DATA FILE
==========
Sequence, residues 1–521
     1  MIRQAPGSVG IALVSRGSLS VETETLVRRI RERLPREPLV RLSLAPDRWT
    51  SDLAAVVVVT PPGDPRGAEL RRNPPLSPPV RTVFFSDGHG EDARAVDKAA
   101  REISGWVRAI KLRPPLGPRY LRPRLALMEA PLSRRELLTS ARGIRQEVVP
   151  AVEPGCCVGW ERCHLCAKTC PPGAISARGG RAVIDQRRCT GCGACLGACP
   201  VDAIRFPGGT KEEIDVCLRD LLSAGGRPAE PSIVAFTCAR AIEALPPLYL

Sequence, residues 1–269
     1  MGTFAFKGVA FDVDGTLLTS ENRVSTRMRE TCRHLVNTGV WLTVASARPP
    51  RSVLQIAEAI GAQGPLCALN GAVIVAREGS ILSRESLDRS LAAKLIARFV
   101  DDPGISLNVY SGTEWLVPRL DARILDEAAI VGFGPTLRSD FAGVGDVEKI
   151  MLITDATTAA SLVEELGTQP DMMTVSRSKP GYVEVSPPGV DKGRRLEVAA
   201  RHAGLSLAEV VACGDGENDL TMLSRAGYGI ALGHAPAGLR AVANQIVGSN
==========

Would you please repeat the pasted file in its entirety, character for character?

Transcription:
Sequence, residues 1–521
     1  MIRQAPGSVG IALVSRGSLS VETETLVRRI RERLPREPLV RLSLAPDRWT
    51  SDLAAVVVVT PPGDPRGAEL RRNPPLSPPV RTVFFSDGHG EDARAVDKAA
   101  REISGWVRAI KLRPPLGPRY LRPRLALMEA PLSRRELLTS ARGIRQEVVP
   151  AVEPGCCVGW ERCHLCAKTC PPGAISARGG RAVIDQRRCT GCGACLGACP
   201  VDAIRFPGGT KEEIDVCLRD LLSAGGRPAE PSIVAFTCAR AIEALPPLYL

Sequence, residues 1–269
     1  MGTFAFKGVA FDVDGTLLTS ENRVSTRMRE TCRHLVNTGV WLTVASARPP
    51  RSVLQIAEAI GAQGPLCALN GAVIVAREGS ILSRESLDRS LAAKLIARFV
   101  DDPGISLNVY SGTEWLVPRL DARILDEAAI VGFGPTLRSD FAGVGDVEKI
   151  MLITDATTAA SLVEELGTQP DMMTVSRSKP GYVEVSPPGV DKGRRLEVAA
   201  RHAGLSLAEV VACGDGENDL TMLSRAGYGI ALGHAPAGLR AVANQIVGSN